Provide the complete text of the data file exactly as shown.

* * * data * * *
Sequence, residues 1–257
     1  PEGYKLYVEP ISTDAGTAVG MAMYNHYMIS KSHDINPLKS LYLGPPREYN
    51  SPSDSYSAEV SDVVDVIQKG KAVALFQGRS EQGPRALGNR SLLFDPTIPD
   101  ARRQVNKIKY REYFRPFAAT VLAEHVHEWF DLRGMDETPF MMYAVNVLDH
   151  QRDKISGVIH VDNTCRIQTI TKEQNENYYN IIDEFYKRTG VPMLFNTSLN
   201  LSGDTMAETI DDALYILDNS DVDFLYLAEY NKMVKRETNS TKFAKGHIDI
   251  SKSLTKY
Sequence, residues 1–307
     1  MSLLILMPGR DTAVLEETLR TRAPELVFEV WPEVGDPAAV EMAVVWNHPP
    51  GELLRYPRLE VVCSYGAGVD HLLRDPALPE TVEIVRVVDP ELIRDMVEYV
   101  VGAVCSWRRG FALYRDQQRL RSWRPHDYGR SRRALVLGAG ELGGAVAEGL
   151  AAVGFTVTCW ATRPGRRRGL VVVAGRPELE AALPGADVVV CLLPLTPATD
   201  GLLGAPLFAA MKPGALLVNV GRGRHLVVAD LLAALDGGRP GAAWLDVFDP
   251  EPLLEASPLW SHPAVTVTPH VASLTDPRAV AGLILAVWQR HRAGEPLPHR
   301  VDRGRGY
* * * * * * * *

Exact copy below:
Sequence, residues 1–257
     1  PEGYKLYVEP ISTDAGTAVG MAMYNHYMIS KSHDINPLKS LYLGPPREYN
    51  SPSDSYSAEV SDVVDVIQKG KAVALFQGRS EQGPRALGNR SLLFDPTIPD
   101  ARRQVNKIKY REYFRPFAAT VLAEHVHEWF DLRGMDETPF MMYAVNVLDH
   151  QRDKISGVIH VDNTCRIQTI TKEQNENYYN IIDEFYKRTG VPMLFNTSLN
   201  LSGDTMAETI DDALYILDNS DVDFLYLAEY NKMVKRETNS TKFAKGHIDI
   251  SKSLTKY
Sequence, residues 1–307
     1  MSLLILMPGR DTAVLEETLR TRAPELVFEV WPEVGDPAAV EMAVVWNHPP
    51  GELLRYPRLE VVCSYGAGVD HLLRDPALPE TVEIVRVVDP ELIRDMVEYV
   101  VGAVCSWRRG FALYRDQQRL RSWRPHDYGR SRRALVLGAG ELGGAVAEGL
   151  AAVGFTVTCW ATRPGRRRGL VVVAGRPELE AALPGADVVV CLLPLTPATD
   201  GLLGAPLFAA MKPGALLVNV GRGRHLVVAD LLAALDGGRP GAAWLDVFDP
   251  EPLLEASPLW SHPAVTVTPH VASLTDPRAV AGLILAVWQR HRAGEPLPHR
   301  VDRGRGY